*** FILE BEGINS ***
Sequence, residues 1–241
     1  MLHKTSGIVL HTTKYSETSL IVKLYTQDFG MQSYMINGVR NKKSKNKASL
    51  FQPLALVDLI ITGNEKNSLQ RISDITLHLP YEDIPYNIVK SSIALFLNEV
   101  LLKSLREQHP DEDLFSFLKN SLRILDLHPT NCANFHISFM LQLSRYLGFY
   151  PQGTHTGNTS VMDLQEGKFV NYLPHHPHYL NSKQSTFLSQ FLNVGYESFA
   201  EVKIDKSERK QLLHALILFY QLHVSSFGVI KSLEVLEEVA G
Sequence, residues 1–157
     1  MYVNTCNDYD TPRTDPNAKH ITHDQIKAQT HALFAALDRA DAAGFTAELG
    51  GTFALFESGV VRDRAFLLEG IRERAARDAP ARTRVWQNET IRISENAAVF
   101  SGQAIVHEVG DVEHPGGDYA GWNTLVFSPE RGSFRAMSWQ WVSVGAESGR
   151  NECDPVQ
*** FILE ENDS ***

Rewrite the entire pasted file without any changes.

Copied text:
Sequence, residues 1–241
     1  MLHKTSGIVL HTTKYSETSL IVKLYTQDFG MQSYMINGVR NKKSKNKASL
    51  FQPLALVDLI ITGNEKNSLQ RISDITLHLP YEDIPYNIVK SSIALFLNEV
   101  LLKSLREQHP DEDLFSFLKN SLRILDLHPT NCANFHISFM LQLSRYLGFY
   151  PQGTHTGNTS VMDLQEGKFV NYLPHHPHYL NSKQSTFLSQ FLNVGYESFA
   201  EVKIDKSERK QLLHALILFY QLHVSSFGVI KSLEVLEEVA G
Sequence, residues 1–157
     1  MYVNTCNDYD TPRTDPNAKH ITHDQIKAQT HALFAALDRA DAAGFTAELG
    51  GTFALFESGV VRDRAFLLEG IRERAARDAP ARTRVWQNET IRISENAAVF
   101  SGQAIVHEVG DVEHPGGDYA GWNTLVFSPE RGSFRAMSWQ WVSVGAESGR
   151  NECDPVQ